"Give it ten years, never mind 20, and DIY gearchanging will seem like a lost art"
Porter suggests that the mass proliferation of automatic gearboxes doesn’t mean our left legs should become redundant
This column was first published in evo issue 199.
You might have seen an online video of Texan speed merchants Hennessey running their Venom GT up to 270mph on the 3.2-mile runway at Kennedy Space Center. It’s a remarkable piece of footage, not least because they found someone with the solid brass kahunas to max a 7-litre, twin-turbo, 1244bhp V8 in the middle of a hacked-about Exige. In case you’re wondering, this extraordinary man went by the extraordinary name of Brian Smith.
The Americans claimed Brian’s heroic endeavour as a Bugatti-baiting world record, but a Guinness entry requires an average from two runs in opposite directions and NASA wouldn’t let Hennessey turn around and go t’other way. This was because there was expensive hardware at that end of the tarmac and they didn’t want it damaged by flying bits of ex-Exige. It’s embarrassing to cancel a mission because the lander has been compromised by a burning Vauxhall column stalk.
The most striking thing about the Hennessey vid isn’t the sheer speed, however. It’s what happens on the way there. The Venom GT has no double-clutch paddleshift or torque-converter auto. It has six on a stick and a pedal to the left of the brake. And when you watch the footage of its high-speed run you’re struck by how long and painfully slow each gearchange seems. The engine blares towards the red line, the speed builds at a breathless rate and then there’s a pause and a gap so achingly long and loaded it could be dropped into a Scandinavian crime drama. In 2014, when we’re accustomed to whip-snap paddleshifts, a car with an old-fashioned manual ’box sounds strange. In fact, it sounds like ancient history.
Ferrari doesn’t make anything with foot-operated clutches any more. Nor does Lamborghini. All Porsche’s really juicy stuff is paddle-only from now on. And Jaguar, another carmaker that’s lost the phone number for its clutch pedal supplier, has proven there’s life in the true automatic ’box with some masterful tuning of the eight-speed ZF 8HP in the XJR and F-type. The two-pedal trend is going to spread at the other end of the car spectrum too, because double-clutchers are getting cheaper and can be tuned to benefit headline emissions ratings. Give it ten years, never mind 20, and DIY gearchanging will seem like a lost art.
I’m not going to argue the pros and cons of this. There are plenty of cars that are ghastly with a dual-pedal system and plenty that are very excellent with paddles behind the wheel. I’m merely here to report the facts. In the future, more and more cars of all types will have only two pedals. And this leaves me wondering what we can do with our superfluous left legs during driving. I’m starting to think it’s time to give them other jobs.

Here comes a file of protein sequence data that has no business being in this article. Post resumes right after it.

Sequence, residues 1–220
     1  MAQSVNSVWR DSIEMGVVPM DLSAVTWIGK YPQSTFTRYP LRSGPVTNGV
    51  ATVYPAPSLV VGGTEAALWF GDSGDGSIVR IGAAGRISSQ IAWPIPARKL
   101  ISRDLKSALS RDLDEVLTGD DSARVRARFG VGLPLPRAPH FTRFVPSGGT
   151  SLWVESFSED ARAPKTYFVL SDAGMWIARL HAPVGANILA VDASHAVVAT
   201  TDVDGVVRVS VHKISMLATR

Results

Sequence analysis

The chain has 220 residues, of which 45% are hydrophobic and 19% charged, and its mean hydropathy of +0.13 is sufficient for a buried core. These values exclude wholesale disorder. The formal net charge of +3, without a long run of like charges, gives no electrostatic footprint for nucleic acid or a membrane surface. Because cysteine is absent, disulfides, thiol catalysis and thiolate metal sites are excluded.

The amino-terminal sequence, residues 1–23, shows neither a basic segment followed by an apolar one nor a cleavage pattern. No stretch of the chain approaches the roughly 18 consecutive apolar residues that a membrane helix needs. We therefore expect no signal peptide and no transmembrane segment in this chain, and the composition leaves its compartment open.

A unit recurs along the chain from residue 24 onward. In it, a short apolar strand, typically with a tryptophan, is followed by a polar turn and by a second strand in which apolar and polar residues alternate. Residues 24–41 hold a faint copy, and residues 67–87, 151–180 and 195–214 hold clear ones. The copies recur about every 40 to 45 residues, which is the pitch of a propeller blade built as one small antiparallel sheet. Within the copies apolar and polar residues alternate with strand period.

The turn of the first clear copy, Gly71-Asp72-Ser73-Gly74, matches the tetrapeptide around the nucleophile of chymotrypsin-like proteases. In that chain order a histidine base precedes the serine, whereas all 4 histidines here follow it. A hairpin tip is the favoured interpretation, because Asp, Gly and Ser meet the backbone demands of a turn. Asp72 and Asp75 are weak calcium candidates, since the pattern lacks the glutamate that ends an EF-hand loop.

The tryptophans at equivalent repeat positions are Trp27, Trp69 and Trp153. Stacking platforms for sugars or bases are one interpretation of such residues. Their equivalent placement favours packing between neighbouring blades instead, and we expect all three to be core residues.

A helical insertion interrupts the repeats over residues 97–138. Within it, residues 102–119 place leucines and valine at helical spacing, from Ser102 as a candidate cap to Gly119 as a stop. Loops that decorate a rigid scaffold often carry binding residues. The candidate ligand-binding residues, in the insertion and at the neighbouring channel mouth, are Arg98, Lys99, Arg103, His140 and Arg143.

After all, there’s precedent for this. In the middle of the 20th century many cars had their windscreen washer buttons or headlight dip switches on the floor, designed to be operated with a tap of the left foot. How this worked if you suddenly needed to change gear, I’m not sure. Perhaps heel-and-toeing in the 1950s meant something entirely different. Or the same, but for both feet. Maybe Paddy Hopkirk got his drive in a works Mini for his uncanny ability to brake, de-clutch, rev-match and flash the headlights all at the same time.
Anyway, if people in old Triumphs and Hillmans could use a clutch and operate some additional function, I’m sure as hell we can manage this. Not the main beam or the screen washers – we’re all used to those on stalks these days. What I’m thinking of is a programmable, floor-mounted button that can be assigned to simple tasks. No more fumbling for the recirculate button when a van parps a black cloud into your intakes. No more dabbing for that tiny rectangle on the wheel that answers your phone. It’s all underfoot. Or, better yet, what about a Sport button?
Imagine a moment when you break free of the suburbs and find yourself on an unexpectedly lovely piece of sweeping A-road. You’re in an AMG Mercedes or a 911 Turbo, something that’s going to make the next few minutes worthwhile. But normally you’d have to look down to find the various buttons that switch the car’s systems into full helmsmithery mode. Not any more. Instead, you casually pivot your left foot to the button in the top corner of the footwell and you’re ready to give it some welly.
And then, when you come to a village, you’ll no longer need to follow a firm smudge of the brakes with a frantic search for the buttons that kill the strident exhaust noise and stop the ’box hanging on to second at 30mph. A quick tap of the left foot and the car is all calm again.
It’s a simple idea but I like to think it might work, especially in high-performance cars. Although maybe not in the Hennessey Venom. On the evidence I’ve seen on YouTube, you’ll need your left leg entirely for clutch work. And probably for bracing.
Richard Porter is the man behind Sniff Petrol. Read more of his musings by clicking here...